Poul Erik Hoyer-Larsen: BWF fights doping and match-fixing

Poul-Erik Hoyer Larsen won men's singles gold medal at the 1996 Atlanta Olympics

Singapore: Doping cases in badminton, including Malaysian world number one Lee Chong Wei’s failed drug test last month, have “damaged some kind of credibility” in the sport, said Badminton World Federation (BWF) president Poul-Erik Hoyer Larsen.Poul-Erik Hoyer Larsen won men's singles gold medal at the 1996 Atlanta Olympics

While Hoyer Larsen declined to comment on Lee’s case as it is ongoing – Lee is expected to know the result of his hearing on Dec 8 in Amsterdam – he said doping, along with match-fixing in the sport, is something the BWF takes very seriously, and is fighting against.

“We have a few doping cases in the past, and luckily, it has not been that many,” said the Dane. “It is very important we are fully cooperating with the world anti-doping system.”

Last week, the BWF signed an agreement with the International Olympic Committee’s Integrity Betting Intelligence System to fight illegal betting, match-fixing and corruption in the sport, in what is a move to stop the threat in badminton. Two months ago, news emerged that Danish players Hans-Kristian Vittinghus and Kim Astrup were offered money to throw matches by a fixer who admitted to have also fixed games in the Singapore Open and Thomas Cup.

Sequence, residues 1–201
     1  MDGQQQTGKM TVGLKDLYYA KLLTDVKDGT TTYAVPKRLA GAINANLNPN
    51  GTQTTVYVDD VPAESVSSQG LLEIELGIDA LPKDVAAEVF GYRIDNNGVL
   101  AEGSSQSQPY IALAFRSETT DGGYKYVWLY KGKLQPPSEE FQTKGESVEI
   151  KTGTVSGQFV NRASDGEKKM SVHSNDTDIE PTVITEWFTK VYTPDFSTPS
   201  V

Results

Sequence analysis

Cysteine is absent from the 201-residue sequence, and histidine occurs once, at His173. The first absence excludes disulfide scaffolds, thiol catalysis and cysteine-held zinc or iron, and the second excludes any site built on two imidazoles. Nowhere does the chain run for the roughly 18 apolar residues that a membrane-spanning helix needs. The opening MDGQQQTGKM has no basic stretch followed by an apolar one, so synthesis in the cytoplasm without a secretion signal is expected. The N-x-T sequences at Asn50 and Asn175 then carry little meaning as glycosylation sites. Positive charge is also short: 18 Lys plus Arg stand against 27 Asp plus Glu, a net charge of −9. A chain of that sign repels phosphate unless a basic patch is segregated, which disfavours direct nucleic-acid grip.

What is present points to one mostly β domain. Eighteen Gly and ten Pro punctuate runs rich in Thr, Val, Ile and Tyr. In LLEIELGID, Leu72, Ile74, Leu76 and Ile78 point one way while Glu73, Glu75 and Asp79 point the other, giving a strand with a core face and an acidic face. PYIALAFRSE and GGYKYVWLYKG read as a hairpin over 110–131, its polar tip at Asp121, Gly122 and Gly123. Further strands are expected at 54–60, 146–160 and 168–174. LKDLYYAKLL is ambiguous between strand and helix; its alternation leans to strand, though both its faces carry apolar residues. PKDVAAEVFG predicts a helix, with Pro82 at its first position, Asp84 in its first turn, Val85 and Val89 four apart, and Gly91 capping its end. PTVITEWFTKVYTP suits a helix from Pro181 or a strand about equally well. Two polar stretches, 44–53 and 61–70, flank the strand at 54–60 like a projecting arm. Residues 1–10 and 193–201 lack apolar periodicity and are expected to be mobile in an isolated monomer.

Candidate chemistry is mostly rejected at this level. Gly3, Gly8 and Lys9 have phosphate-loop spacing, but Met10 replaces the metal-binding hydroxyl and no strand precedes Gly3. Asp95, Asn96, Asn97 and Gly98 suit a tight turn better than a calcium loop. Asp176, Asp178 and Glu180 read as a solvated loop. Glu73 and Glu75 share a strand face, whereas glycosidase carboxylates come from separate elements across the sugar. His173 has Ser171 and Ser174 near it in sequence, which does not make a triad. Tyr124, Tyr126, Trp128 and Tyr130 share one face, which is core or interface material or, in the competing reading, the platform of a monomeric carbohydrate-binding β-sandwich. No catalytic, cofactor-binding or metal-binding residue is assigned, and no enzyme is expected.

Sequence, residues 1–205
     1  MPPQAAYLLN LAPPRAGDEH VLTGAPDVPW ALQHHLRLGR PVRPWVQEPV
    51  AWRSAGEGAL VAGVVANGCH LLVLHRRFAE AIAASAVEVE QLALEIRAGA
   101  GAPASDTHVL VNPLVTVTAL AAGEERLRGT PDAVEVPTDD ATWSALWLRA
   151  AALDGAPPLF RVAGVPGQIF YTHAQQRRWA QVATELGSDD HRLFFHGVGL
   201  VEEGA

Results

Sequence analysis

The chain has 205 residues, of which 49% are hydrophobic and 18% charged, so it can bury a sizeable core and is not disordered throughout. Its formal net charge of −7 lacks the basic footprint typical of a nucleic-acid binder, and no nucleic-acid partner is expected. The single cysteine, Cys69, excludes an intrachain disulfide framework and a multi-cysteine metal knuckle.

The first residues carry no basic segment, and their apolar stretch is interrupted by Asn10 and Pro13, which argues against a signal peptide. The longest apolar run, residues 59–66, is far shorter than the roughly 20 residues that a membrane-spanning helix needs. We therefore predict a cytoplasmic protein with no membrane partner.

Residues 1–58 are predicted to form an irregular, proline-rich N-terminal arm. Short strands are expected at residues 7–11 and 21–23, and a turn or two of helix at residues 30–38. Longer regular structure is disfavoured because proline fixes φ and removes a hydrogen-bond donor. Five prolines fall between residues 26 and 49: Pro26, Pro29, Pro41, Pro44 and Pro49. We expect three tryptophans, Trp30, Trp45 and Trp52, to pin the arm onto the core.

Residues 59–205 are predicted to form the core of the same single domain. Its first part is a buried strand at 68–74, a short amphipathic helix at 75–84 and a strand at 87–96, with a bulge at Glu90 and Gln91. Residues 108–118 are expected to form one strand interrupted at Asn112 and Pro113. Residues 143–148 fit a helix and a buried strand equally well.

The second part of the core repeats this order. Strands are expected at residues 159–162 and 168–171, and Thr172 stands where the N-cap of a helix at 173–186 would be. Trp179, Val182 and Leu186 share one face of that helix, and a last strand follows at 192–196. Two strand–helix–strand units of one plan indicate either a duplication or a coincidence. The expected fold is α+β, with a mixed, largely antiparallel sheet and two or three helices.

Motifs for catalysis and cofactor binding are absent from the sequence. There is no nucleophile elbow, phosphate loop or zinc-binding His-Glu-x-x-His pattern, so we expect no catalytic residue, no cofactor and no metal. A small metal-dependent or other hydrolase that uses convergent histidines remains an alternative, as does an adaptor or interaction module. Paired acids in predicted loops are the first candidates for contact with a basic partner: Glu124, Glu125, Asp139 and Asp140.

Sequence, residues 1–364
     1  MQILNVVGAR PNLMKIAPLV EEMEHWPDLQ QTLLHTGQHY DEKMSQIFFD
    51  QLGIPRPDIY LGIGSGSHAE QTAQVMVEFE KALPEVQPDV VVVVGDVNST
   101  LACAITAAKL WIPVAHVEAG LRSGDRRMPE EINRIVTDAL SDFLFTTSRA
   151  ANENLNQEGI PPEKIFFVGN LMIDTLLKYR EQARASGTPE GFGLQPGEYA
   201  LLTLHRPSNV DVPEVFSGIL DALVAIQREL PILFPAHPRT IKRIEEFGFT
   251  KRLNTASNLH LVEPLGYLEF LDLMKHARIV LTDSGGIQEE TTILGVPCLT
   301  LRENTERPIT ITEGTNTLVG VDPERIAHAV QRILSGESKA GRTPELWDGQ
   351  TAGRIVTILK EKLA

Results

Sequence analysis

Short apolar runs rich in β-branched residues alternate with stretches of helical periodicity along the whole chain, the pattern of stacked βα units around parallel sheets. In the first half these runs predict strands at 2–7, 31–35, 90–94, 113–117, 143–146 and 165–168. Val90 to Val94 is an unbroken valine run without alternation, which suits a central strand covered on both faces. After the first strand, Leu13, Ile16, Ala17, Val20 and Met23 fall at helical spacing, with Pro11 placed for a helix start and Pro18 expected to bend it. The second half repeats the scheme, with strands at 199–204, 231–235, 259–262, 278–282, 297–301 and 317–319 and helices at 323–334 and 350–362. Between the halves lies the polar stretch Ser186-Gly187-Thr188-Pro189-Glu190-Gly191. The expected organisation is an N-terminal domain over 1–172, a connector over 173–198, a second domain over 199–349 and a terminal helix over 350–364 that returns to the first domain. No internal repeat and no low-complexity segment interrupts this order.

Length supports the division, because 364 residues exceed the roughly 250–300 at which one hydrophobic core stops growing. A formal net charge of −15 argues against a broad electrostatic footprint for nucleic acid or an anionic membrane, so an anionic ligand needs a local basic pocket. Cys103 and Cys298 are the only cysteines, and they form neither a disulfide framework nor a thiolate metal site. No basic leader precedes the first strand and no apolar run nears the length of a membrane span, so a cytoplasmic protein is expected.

“As long as you have money, in sports or other areas in society, you will have people cheating,” said Hoyer Larsen. “So match-fixing is definitely a threat for the sport in general. It needs to be taken very seriously. It is a difficult area, but it is a matter of cooperating with the right partners.”



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